updated: September 27th, 2006 / Ross Johnson / 1 Comments

Thinking about design.. subjective beyond subjective.

Design is a tricky thing – while most people don’t realize it, it is very subjective. Everyone thinks they know what looks good, but in reality they only know what looks good to them. While there are general rules to design (such as balance, contrast, etc, etc) for the most part people simply have a preference as to what looks best.

For Example: You might be inclined to like lots of white space, and love a clean yet elegant design. Someone else however – will think the same site looks basic, boring, and overly simple.

If there is any question, look through the voting and commenting on website galleries. These galleries are only supposed to showcase (in theory) revolutionary or exceptional design. Yet – the average vote for most designs is barely above 5 out of 10, or 3 out of 5. Comments bash color scheme, layout, style, etc

Want more proof? Ask anyone what their favorite color is, do you think there is going to be a common answer with a large sample size?

In an industry where even the best designs will probably only appeal to 50% of the viewers, how do we cope?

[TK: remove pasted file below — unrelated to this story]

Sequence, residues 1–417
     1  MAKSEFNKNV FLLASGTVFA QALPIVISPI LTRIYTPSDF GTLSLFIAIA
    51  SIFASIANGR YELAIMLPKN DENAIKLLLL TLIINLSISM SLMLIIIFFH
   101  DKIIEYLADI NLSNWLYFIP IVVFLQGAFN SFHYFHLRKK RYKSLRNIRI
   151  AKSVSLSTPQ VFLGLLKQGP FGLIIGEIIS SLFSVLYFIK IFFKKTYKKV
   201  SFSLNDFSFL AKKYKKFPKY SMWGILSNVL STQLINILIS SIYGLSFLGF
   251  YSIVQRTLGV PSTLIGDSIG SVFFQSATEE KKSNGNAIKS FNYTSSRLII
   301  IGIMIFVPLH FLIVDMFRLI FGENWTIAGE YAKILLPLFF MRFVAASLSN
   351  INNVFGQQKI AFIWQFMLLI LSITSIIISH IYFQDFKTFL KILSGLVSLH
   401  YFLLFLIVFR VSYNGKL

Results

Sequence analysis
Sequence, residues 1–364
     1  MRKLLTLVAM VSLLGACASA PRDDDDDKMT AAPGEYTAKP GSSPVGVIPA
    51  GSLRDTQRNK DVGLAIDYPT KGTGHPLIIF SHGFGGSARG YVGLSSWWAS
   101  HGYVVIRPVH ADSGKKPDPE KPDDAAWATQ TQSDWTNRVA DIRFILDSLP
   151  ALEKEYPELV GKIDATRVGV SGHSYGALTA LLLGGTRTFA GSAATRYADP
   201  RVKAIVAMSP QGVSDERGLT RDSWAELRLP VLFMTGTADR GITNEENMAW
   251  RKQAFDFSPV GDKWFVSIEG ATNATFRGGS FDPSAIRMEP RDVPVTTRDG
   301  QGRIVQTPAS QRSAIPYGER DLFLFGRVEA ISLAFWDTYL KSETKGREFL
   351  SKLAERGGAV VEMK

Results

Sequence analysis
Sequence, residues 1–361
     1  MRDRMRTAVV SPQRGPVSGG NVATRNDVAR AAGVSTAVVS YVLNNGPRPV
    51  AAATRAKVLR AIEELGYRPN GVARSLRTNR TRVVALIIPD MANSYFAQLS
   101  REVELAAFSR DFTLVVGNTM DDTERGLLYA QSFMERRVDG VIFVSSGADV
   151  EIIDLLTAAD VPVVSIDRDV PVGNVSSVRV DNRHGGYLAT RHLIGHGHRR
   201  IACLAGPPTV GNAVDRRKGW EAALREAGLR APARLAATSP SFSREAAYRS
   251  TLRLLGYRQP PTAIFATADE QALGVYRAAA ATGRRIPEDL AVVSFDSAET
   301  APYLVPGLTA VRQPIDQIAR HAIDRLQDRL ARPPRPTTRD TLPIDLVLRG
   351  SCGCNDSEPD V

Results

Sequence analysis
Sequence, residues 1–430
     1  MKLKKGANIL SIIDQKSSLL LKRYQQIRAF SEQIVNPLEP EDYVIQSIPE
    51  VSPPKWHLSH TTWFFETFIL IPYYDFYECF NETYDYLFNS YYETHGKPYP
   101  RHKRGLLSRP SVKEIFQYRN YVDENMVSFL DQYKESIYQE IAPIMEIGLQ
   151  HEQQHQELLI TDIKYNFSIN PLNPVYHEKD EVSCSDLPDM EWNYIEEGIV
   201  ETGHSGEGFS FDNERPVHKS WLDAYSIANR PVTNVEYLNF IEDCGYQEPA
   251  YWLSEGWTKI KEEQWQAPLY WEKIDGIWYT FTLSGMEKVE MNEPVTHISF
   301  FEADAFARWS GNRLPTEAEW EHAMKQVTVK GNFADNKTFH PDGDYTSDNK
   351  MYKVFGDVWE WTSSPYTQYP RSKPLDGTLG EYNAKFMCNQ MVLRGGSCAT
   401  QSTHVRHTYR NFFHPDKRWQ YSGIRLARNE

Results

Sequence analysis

My suggestion is to focus less on VISUAL design, and more on USABLE and CONTENT focused design. While harder to sell, ultimately no one is going to go to a website to see what the design is… they are going to perform a task, or to access the content. While a good design might be more memorable, even some of the most popular websites have lack-luster designs (myspace is the classic example).

If designers spent the extra hours muddling over what glitzy detail on content development and usability testing instead, they would likely find it a better investment.

Easier said than done, since most designers come from an Art background, and are very visual people themselves. However the Internet was not built on visual appearance. Want proof? Look at how most sites looked when the Internet first gained popularity. The lack of “design sense” sure didn’t slow it down.

What did give it steam was the function of the Internet to change our daily lives… we need to go back to those roots.

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